This series of workshops will ask what's at stake, in redrawing queer history to explore ways to include our own experiences as pathways to queer futures. The work aims to re-contextualise British video artist Stuart Marshall's idea of a history of the present explored through works like Bright Eyes and the works that influenced it like Gay Sweatshop Theatre's As Time Goes By, as works that explored a century of queerness and what repression and liberation really mean to those who identify with the cultural and political making and re-making of LGBTQI community.
The workshop has been conceived by artist Conal McStravick as part of an ongoing live research project titled Learning in a Public Medium that takes Stuart Marshall's works as the basis of new research and practice for existing and new audiences. For a series of events at The Showroom Conal has invited artists and researchers with shared and intersecting interests in Marshall and his creative context to share their methodologies as ways to enter into new readings and performances that will contribute to performance event at The Showroom Gallery that will bring together parallel UK-wide Learning in a Public Medium activity.
Conal McStravick (b.1979, Lurgan, N.Ireland) makes solo and collaborative works to explore the histories, social practices, and economies of art and queer politics. In 2013, McStravick began researching Marshall and has since developed a series of active research events titled Learning in a Public Medium. This series explores Marshall’s works, legacies and contemporary resonances as artist, activist, writer and educator through workshops, screenings and presentations. McStravick has appeared on panels at Glasgow Film Theatre, BFI London and Birkbeck Institute of the Moving Image to talk about queer film and video, Marshall and the Learning in a Public Medium project. In 2017, The Showroom, London are partnering with Conal McStravick & LUX to develop Learning in a Public Medium into a series of new dialogues with Marshall’s works at venues across the UK.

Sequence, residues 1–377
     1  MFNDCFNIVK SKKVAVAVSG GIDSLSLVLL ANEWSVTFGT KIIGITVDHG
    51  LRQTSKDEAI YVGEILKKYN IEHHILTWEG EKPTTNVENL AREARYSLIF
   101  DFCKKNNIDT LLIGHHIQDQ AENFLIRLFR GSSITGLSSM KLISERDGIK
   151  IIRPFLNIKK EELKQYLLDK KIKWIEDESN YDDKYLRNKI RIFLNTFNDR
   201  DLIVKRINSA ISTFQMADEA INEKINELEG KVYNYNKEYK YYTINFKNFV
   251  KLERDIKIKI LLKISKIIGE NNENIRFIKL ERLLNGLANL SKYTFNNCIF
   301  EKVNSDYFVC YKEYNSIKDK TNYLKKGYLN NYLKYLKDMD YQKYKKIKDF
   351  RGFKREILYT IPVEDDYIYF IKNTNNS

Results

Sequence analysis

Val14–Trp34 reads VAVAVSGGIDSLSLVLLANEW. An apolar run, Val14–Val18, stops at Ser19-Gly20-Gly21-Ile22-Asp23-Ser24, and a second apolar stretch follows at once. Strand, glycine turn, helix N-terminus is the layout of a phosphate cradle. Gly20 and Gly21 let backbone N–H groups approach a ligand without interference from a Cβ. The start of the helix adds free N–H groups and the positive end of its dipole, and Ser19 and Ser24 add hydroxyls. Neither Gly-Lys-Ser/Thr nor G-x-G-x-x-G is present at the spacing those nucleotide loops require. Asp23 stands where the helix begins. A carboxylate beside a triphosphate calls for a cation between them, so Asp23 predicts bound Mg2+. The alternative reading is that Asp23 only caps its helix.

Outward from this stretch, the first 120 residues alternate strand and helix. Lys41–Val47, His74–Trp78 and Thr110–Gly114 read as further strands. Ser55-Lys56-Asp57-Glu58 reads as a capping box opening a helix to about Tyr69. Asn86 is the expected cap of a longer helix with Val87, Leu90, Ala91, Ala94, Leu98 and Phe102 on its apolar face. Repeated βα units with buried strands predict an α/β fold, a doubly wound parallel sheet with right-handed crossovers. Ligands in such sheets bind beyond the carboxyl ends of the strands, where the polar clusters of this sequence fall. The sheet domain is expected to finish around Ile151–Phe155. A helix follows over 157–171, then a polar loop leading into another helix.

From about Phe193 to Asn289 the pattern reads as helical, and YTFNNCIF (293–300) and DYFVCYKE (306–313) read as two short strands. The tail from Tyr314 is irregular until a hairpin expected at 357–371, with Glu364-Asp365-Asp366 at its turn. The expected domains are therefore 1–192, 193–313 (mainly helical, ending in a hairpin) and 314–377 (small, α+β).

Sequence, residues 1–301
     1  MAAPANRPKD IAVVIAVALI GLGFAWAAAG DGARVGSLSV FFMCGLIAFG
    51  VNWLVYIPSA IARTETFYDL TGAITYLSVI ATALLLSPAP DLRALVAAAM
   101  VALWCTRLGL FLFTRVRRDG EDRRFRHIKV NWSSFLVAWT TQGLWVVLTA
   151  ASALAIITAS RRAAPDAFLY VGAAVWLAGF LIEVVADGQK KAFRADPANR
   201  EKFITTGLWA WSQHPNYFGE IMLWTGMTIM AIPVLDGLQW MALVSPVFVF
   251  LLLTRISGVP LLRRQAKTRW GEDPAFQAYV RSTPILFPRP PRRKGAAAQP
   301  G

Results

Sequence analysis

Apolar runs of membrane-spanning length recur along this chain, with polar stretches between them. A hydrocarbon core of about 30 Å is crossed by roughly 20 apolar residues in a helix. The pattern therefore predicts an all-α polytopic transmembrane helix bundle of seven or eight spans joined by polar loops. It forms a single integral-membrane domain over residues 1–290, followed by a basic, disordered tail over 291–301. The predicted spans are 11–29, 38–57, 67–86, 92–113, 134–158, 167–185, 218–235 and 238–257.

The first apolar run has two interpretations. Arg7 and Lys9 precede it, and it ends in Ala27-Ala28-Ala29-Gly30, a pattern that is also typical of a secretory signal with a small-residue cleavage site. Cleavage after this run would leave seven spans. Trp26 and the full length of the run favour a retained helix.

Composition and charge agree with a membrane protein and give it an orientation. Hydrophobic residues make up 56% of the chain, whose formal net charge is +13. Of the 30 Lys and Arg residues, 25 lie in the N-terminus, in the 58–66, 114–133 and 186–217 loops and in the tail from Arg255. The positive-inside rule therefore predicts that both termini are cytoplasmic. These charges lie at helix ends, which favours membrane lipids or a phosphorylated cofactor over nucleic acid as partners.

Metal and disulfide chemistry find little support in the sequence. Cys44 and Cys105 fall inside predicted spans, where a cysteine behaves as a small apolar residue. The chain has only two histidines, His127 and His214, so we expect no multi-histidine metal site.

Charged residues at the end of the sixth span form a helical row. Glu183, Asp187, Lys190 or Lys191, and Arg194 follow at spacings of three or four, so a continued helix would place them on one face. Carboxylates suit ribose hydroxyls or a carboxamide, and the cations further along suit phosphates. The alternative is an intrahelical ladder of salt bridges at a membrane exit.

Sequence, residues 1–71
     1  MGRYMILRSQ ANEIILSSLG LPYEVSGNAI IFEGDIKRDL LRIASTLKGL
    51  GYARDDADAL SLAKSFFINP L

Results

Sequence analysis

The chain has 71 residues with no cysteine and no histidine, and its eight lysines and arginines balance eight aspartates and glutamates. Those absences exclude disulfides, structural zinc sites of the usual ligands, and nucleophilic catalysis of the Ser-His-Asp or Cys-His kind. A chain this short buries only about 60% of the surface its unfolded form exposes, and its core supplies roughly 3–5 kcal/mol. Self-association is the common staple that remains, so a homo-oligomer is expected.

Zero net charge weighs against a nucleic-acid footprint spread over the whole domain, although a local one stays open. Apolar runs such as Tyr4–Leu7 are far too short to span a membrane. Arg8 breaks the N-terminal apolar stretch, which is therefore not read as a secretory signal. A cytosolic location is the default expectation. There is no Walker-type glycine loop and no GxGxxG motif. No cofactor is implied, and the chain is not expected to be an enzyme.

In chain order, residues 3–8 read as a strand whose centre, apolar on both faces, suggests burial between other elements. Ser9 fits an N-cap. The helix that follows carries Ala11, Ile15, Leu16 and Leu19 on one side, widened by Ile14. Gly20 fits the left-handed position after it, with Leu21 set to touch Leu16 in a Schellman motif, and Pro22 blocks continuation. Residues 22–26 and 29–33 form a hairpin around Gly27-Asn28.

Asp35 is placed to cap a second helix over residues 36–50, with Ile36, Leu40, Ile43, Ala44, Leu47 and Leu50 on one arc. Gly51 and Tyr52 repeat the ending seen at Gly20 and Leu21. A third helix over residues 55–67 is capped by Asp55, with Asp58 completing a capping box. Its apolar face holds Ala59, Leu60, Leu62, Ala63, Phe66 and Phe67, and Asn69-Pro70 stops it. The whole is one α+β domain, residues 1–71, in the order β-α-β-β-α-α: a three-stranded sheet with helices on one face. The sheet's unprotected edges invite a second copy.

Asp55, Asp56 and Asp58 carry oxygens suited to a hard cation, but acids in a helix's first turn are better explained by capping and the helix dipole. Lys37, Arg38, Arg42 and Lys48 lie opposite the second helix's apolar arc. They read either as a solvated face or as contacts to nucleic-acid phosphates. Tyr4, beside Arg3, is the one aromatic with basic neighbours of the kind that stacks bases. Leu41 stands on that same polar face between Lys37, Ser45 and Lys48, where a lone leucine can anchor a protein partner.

Stuart Marshall (b. 1949 Manchester, UK) was a founder member of London Video Arts in 1976, and was a committed advocate of British video art, as a practitioner, curator and theorist. He curated the first UK/Canadian Video Exchange in 1984 and his videos and writings were amongst the first to explore the relationship between video, television and the media. With later works such as Bright Eyes, he explored, and challenged, misrepresentations of homosexuality during the AIDS epidemic of the 1980s, at a time when lesbian and gay lifestyles and sexuality were under attack as a result of Clause 28 and the media-encouraged prejudice surrounding the spread of AIDS. Towards the end of his life, working with Maya Vision, Marshall made a number of Channel 4 commissioned documentaries concerning gay identity and he continued to be a passionate campaigner for gay rights.